It is not important how the Delay 26 is achieved, but it is important to calculate this time properly. For this circuit to function properly, the amount of time delay generated by the delay element 26 must be at least as long as the sum of the following two quantities: (1) the maximum expected skew between the outputs of any of the first set of data flip flops 10-12 and the output of the toggle flip-flop 16; and (2) the cumulative width of the actual setup and hold window of the second set of data flip-flops 28-30 and the first clock bit flip-flop 18. Taken together, these two quantities define the minimum time required to ensure that if a toggle is detected on the clock path, the associated data has actually satisfied the setup requirements of the data path. To minimize this time, it desirable to have the smallest possible setup and hold time window across these flip-flops (28-30 and 18). The actual location in time of this window is not important, but it is important that the windows of the individual flip-flops involved be well aligned with each other, so that their sum is minimized. This is most easily accomplished by using flip-flops that have been fabricated together on the same die.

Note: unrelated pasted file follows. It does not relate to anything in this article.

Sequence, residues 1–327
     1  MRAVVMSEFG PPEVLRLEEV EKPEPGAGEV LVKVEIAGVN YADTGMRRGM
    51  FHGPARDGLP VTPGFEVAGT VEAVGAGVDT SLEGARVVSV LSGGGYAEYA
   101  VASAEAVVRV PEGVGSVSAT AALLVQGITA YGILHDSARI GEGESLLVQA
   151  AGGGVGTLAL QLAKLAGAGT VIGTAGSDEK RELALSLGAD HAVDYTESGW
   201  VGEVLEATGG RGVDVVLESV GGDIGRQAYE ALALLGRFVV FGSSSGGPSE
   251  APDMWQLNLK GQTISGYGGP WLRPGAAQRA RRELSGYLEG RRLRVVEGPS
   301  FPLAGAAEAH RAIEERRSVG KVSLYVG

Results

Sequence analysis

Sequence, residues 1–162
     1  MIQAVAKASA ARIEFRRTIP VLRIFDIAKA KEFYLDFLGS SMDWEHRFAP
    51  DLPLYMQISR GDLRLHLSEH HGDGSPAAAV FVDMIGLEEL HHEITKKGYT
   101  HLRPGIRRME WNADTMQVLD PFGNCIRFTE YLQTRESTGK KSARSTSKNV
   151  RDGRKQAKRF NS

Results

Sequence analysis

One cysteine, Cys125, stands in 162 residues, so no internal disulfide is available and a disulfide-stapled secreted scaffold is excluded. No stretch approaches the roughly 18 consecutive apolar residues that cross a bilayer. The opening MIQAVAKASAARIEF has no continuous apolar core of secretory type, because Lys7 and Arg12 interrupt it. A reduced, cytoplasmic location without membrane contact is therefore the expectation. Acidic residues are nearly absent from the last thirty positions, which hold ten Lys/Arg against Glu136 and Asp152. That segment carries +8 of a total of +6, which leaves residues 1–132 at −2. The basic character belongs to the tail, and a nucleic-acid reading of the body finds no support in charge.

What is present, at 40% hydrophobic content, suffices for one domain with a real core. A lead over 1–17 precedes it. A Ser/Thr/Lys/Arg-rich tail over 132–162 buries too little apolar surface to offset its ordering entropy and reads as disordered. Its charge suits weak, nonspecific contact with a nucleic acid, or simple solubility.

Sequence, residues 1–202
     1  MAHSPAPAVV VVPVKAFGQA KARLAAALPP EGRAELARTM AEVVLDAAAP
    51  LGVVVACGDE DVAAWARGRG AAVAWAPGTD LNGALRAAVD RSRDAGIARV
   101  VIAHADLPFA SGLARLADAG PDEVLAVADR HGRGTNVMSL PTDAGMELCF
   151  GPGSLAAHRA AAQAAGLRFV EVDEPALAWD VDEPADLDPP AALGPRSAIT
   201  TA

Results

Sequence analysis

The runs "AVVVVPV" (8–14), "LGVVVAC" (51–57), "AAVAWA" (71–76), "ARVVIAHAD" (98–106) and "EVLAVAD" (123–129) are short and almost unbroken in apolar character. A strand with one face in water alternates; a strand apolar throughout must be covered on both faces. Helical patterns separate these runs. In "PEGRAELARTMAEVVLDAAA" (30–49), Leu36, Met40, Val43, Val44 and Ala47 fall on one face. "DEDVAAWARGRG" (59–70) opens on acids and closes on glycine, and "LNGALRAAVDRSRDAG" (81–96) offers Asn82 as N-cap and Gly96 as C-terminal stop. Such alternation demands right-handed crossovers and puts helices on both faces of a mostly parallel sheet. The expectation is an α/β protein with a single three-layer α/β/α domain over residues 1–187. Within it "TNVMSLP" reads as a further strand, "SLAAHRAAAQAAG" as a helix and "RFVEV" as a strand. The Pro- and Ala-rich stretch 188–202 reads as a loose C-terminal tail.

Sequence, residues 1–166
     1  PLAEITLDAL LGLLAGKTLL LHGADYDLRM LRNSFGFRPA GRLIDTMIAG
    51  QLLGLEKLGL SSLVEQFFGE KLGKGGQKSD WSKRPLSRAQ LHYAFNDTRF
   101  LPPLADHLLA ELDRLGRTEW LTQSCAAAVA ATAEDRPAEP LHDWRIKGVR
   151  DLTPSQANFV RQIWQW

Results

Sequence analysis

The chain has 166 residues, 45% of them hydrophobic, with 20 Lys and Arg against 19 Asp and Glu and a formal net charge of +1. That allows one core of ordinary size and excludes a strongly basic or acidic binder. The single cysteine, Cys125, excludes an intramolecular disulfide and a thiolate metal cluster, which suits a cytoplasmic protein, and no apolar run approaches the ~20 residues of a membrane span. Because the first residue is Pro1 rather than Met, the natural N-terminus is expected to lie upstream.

With this delay properly chosen, if the receiving system has any chance of detecting a source system clock transition at the first clock bit flip-flop 18, then the data at the input to the second set of flip-flops 28-30 has been stable for at least the actual setup time of those flip-flops. On the other hand, if it fails to detect a source system clock transition at the first clock bit flip-flop 18, then the data at the input to the second set of flip-flops 28-30 may be redundant, unstable, or not stable long enough to satisfy the setup requirements of these flip-flops, but in any event it will be correctly identified as not being valid new data. In this case, the data will be acquired when it is valid on the next receiving system clock signal active edge.